Cooperation Commons: Interdisciplinary study of cooperation and collective action.
The Evolution of Cooperation
Summary of: The Evolution of Cooperation
"The objective of this enterprise is to develop a theory of cooperation that can be used to discover what is necessary for cooperation to emerge."
Chapter 1, The Problem of Cooperation. Why do people (or other actors) cooperate? "The objective of this enterprise is to develop a theory of cooperation that can be used to discover what is necessary for cooperation to emerge." It uses the Prisoner's Dilemma as a framework for testing theories about balancing self-interest and competition.
"In the Prisoners' Dilemma, the strategy that works best depends directly on what strategy the other player is using and, in particular, on whether this strategy leaves room for the development of mutual cooperation."
Chapter 2, TIT FOR TAT. "The iterated Prisoners' Dilemma has become the E. Coli of social psychology," yet people have not paid much attention to how to play the game well. Axelrod organized a computer tournament to which people familiar with PD submitted programs encoding different strategies. The winner was one of the simplest, TIT FOR TAT.
Axelrod then constructed an environment in which different programs competed, and the losing programs were eliminated: this was an ecology that rewarded high scoring programs, and punished others. "This process simulates survival of the fittest. A rule that is successful on average with the current distribution of rules in the population will become an even larger proportion of the environment of the other rules in the next generation. At first, a rule that is successful with all sorts of rules will proliferate, but later as the unsuccessful rules disappear, success requires good performance with other successful rules." In other words, the competition gets tougher.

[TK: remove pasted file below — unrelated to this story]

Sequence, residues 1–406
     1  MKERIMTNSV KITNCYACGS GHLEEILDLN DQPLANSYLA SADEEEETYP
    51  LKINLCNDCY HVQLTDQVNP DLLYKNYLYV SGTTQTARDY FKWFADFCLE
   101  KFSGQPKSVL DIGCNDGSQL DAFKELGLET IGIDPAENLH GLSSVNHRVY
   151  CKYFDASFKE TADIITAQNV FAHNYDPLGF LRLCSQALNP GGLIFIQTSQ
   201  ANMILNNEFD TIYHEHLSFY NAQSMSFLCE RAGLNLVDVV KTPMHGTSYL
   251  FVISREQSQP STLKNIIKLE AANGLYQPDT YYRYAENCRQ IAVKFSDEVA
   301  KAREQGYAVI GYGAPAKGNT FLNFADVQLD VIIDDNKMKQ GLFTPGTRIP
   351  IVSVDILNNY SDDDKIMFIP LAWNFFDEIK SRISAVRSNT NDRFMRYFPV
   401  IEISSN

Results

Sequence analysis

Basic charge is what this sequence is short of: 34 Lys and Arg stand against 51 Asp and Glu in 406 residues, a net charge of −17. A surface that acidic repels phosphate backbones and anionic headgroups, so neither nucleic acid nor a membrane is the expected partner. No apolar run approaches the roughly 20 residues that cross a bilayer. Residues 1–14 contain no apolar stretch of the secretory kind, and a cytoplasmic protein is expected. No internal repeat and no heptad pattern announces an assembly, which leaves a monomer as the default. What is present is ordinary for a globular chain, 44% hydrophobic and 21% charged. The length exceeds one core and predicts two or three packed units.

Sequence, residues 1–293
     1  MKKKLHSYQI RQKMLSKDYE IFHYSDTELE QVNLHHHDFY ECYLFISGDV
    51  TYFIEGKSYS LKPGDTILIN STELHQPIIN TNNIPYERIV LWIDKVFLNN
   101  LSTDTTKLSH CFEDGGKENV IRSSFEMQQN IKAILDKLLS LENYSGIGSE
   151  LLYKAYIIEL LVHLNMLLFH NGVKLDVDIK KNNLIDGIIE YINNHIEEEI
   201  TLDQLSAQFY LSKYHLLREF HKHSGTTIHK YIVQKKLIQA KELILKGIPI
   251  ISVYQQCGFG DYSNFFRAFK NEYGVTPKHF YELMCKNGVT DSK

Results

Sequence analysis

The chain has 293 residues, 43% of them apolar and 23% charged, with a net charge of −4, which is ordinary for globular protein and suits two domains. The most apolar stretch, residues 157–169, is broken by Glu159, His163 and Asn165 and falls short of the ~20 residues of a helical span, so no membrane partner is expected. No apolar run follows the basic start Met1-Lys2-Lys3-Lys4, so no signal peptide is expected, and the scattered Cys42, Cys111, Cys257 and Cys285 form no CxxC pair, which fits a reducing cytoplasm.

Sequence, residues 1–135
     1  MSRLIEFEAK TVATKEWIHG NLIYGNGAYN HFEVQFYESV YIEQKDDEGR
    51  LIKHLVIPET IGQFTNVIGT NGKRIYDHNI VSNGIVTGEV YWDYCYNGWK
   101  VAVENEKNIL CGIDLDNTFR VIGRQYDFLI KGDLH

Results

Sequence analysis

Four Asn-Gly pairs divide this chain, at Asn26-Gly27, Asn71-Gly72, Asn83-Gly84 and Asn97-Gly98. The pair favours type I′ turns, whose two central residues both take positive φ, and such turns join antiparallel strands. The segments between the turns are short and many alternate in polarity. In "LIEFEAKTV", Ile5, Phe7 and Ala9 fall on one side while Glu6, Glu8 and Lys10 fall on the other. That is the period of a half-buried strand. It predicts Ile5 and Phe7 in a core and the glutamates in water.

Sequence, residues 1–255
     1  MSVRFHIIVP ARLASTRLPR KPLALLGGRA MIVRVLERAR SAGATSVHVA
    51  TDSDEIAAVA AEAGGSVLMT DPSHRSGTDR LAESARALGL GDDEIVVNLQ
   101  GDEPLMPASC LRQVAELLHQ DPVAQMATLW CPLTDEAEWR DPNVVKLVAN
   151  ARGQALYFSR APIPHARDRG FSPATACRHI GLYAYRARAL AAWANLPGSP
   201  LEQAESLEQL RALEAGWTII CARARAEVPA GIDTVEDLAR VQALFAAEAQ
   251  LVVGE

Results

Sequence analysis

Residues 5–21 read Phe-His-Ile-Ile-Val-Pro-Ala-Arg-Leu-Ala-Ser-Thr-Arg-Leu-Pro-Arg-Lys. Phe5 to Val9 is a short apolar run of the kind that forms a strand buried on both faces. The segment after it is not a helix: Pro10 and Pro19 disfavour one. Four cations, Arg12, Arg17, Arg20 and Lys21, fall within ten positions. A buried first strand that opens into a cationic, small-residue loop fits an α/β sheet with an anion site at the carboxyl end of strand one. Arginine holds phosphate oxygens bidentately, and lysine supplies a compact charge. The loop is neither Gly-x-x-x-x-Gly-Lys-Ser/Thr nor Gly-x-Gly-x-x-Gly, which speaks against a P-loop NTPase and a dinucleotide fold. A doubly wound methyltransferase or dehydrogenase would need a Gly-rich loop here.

"The analysis of the tournament results indicate that there is a lot to be learned about coping in an environment of mutual power. Even expert strategists from political science, sociology, economics, psychology, and mathematics made the systematic errors of being too competitive for their own good, not being forgiving enough, and being too pessimistic about the responsiveness of the other side."
The tournaments reveal that "there is a single property which distinguishes the relatively high-scoring entries from the relatively low-scoring entries. This is the property of being nice, which is to say never being the first to defect."
TIT FOR TAT's rules for success:
Chapter 4, Trench Warfare. During World War I, "live and let live" arrangements emerged spontaneously between opposing units on the Western Front. Cooperation could take hold because "the same small units faced each other in immobile sectors for extended periods of time." Consequently, they had a more sustained relationship than in mobile warfare, and could develop commonly-understood rules, reciprocity and restraint in attacks, displays of strength (e.g., snipers shooting at hard targets)as well as ethics (recognition that there was an arrangement and violating it was immoral) and rituals (e.g., regular artillery firing).
"Cooperation first emerged spontaneously in a variety of contexts, such as restraint in attacking the distribution of enemy rations, a pause during the first Christmas in the trenches, and a slow resumption of fighting after bad weather made sustained combat almost impossible. These restraints quickly evolved into clear patterns of mutually understood behavior, such as two-for-one or three-for-one retaliation for actions that were taken to be unacceptable."
Chapter 6, How to Choose Effectively. Four suggestions about how to do well in PD:
Chapter 7, How to Promote Cooperation. Promoting cooperation can be thought of as an exercise in tinkering with the variables in a PD. "As long as the interaction is not iterated, cooperation is very difficult. That is why an important way to promote cooperation is to arrange that the same two individuals will meet each other again, be able to recognize each other from the past, and to recall how the other has behaved until now."
Chapter 8, The Social Structure of Cooperation.
Chapter 9, The Robustness of Reciprocity.
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